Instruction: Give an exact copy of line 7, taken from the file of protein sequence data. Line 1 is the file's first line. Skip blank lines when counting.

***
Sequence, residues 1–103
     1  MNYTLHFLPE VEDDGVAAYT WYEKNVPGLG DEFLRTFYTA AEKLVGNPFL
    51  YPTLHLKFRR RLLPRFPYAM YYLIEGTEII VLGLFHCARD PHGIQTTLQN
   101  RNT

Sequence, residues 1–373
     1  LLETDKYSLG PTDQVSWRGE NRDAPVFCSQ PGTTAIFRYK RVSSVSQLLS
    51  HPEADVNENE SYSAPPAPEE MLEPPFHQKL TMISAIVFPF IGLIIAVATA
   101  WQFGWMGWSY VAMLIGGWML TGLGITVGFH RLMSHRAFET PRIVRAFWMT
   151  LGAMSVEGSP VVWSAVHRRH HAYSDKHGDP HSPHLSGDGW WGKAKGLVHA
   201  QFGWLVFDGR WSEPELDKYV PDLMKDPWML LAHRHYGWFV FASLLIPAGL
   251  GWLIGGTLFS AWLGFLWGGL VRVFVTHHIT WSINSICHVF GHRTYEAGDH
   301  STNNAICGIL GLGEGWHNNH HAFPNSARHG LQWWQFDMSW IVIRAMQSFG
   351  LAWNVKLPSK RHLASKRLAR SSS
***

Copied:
    51  HPEADVNENE SYSAPPAPEE MLEPPFHQKL TMISAIVFPF IGLIIAVATA